advance the engineering design and development of the Evie Ring and other potential products;

 

  prepare applications required for marketing approval of the Evie Ring in the United States;

 

  develop our plans for manufacturing, distributing and marketing the Evie Ring and other potential products; and

 

  add operational, financial and management information systems and personnel, including personnel to support our product development, planned commercialization efforts and our operation as a public company.

 

38

 

 

Until we can generate a sufficient amount of revenue from our products, if ever, we expect to finance future cash needs through public or private equity offerings, debt financings or corporate collaborations and licensing arrangements. Additional funds may not be available when we need them on terms that are acceptable to us, or at all. If adequate funds are not available, we may be required to delay, reduce the scope of or eliminate one or more of our research or development programs or our commercialization efforts or it may become impossible for us to remain in operation. To the extent that we raise additional funds by issuing equity securities, our stockholders may experience additional dilution, and debt financing, if available, may involve restrictive covenants. To the extent that we raise additional funds through collaborations and licensing arrangements, it may be necessary to relinquish some rights to our technologies or applications or grant licenses on terms that may not be favorable to us. We may seek to access the public or private capital markets whenever conditions are favorable, even if we do not have an immediate need for additional capital at that time.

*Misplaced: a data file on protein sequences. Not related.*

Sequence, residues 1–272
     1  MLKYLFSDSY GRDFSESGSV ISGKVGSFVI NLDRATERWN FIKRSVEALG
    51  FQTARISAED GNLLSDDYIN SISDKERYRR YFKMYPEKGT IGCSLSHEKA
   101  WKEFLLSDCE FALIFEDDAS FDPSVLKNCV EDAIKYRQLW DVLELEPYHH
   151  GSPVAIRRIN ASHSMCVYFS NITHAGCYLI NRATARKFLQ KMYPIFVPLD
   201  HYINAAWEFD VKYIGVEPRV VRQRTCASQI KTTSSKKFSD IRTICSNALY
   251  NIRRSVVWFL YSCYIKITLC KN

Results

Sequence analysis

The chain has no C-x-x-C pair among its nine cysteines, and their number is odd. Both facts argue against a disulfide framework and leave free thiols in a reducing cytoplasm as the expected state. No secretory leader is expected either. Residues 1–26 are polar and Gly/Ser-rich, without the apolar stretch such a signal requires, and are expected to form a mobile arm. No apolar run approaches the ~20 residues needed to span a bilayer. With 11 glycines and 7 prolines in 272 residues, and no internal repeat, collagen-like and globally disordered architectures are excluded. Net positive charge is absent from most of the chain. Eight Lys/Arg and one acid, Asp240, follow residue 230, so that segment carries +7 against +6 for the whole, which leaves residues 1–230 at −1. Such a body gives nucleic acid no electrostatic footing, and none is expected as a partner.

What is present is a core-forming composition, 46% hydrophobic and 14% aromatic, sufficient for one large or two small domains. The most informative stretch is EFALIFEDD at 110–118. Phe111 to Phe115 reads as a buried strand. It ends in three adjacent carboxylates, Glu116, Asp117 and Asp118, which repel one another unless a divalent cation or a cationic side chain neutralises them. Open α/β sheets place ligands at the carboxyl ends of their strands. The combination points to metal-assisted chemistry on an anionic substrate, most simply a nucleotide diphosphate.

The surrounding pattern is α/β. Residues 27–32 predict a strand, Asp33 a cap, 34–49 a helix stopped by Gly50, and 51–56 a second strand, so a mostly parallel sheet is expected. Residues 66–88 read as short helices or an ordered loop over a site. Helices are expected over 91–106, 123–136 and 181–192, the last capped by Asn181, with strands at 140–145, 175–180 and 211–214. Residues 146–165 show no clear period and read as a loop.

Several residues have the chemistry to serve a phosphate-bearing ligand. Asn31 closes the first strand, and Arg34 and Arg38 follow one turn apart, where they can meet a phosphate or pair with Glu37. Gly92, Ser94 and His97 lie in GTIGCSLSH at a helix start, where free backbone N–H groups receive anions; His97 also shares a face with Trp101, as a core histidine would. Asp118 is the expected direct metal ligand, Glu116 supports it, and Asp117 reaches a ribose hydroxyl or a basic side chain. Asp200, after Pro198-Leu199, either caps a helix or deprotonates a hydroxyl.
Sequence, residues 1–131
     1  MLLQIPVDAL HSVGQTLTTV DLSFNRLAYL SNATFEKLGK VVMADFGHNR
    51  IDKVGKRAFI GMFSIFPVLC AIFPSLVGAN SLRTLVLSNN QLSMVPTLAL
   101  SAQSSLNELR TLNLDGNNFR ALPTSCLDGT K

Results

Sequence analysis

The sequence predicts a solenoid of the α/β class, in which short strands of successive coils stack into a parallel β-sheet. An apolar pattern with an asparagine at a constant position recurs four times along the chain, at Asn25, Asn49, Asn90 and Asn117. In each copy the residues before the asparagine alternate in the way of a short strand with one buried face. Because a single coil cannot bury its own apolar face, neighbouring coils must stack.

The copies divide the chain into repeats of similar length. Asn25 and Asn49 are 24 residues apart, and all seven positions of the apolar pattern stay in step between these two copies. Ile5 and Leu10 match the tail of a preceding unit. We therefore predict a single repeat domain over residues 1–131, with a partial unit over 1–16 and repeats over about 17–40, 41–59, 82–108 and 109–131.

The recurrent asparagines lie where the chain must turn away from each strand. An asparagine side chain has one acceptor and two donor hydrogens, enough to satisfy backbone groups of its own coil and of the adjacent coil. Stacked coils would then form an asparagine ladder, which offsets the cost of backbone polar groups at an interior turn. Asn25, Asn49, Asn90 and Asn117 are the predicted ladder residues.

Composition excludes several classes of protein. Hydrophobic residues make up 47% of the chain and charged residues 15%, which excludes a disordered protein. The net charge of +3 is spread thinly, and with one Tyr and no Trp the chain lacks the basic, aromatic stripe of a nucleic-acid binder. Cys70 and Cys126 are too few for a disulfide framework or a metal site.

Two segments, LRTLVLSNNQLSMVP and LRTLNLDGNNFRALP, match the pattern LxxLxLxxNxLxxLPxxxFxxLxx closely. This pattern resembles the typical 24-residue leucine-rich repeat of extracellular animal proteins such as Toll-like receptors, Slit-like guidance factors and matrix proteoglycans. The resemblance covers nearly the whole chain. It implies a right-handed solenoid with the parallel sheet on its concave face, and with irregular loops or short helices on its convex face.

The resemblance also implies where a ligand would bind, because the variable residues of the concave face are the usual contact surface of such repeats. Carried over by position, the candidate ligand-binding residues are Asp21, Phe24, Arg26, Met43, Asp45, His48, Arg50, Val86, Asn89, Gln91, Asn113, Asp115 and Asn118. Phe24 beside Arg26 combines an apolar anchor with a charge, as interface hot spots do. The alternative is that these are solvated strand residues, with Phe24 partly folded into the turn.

These circumstances raise substantial doubt about the Company’s ability to continue as a going concern within one year after the date that the consolidated financial statements are issued. Our consolidated financial statements do not include adjustments to the amounts and classification of assets and liabilities that may be necessary should we be unable to continue as a going concern. Our ability to continue as a going concern depends on our ability to raise additional capital through the sale of equity or debt securities to support our future operations.